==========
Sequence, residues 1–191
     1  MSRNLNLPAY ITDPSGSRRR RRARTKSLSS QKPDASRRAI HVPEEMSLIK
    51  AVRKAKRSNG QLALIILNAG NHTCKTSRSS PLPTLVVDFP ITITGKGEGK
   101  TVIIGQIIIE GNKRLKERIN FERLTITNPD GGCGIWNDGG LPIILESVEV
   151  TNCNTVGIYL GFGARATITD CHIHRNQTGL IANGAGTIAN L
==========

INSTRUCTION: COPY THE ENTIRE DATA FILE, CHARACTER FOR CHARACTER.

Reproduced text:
Sequence, residues 1–191
     1  MSRNLNLPAY ITDPSGSRRR RRARTKSLSS QKPDASRRAI HVPEEMSLIK
    51  AVRKAKRSNG QLALIILNAG NHTCKTSRSS PLPTLVVDFP ITITGKGEGK
   101  TVIIGQIIIE GNKRLKERIN FERLTITNPD GGCGIWNDGG LPIILESVEV
   151  TNCNTVGIYL GFGARATITD CHIHRNQTGL IANGAGTIAN L